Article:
This post from Professor Luis’s unit demonstrates how although it is more comfortable to teach a glorified/simplified version of history, we ignore important voices in this glorification, which are usually voices from marginalized groups/victims. This pattern of trying to avoid uncomfortable conversations and forget past mistakes is how we reach the point of a contructed history.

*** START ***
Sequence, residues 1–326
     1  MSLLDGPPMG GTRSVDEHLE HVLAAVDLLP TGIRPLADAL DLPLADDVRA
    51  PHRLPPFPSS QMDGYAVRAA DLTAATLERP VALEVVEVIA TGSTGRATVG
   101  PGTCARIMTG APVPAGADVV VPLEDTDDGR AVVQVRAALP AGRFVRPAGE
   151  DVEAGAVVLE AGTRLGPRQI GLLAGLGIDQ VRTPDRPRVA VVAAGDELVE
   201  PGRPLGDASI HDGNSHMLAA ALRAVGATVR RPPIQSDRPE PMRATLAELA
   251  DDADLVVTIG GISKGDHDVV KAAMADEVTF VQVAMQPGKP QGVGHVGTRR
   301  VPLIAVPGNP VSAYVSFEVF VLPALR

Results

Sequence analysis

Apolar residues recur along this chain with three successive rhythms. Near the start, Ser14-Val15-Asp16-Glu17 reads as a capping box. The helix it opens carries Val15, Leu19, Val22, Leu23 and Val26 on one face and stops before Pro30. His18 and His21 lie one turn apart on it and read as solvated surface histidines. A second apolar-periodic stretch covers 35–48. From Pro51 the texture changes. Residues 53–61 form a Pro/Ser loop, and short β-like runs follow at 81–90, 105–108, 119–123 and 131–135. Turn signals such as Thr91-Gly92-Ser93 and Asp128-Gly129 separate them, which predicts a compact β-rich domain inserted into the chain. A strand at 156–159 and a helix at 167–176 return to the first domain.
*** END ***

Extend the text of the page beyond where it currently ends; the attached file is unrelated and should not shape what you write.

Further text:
“On the day that Tenochtitlan was taken, the Spaniards committed some of the most brutal acts ever inflicted upon the unfortunate people of this land… The Tlaxcaltecas and the other enemies of the Aztecs revenged themselves pitilessly for old offenses and robbed them of everything they could find” (122). I found myself approaching the Florentine Codex with suspicion, wondering how reliable the account could be after reading that it was heavily edited by Friar Bernardino. However, I do think that it does give readers a glimpse into the other narrative of the Spanish Conquest, the one of the victims. For the first time, we are reading about the days after the battle was over— the pain and grief of the few survivors as they flee the ruins of their city that had once flourished. I thought it was interesting that the narrator also mentions other indigenous groups involved in the conquest that supported the Spaniards, for Spanish accounts rarely acknowledge these other natives. These groups had their own incentives to defeat the Aztecs, which serves as a reminder that there was a long history on these lands before the Spaniards arrived. I’m not sure if this was intended, but this description in the narrative evoked feelings of pity for the Aztecs— they were being kicked while they were on the ground. This added perspective indicates that this moment in history is much more complex than we gather from the single narrative that is told.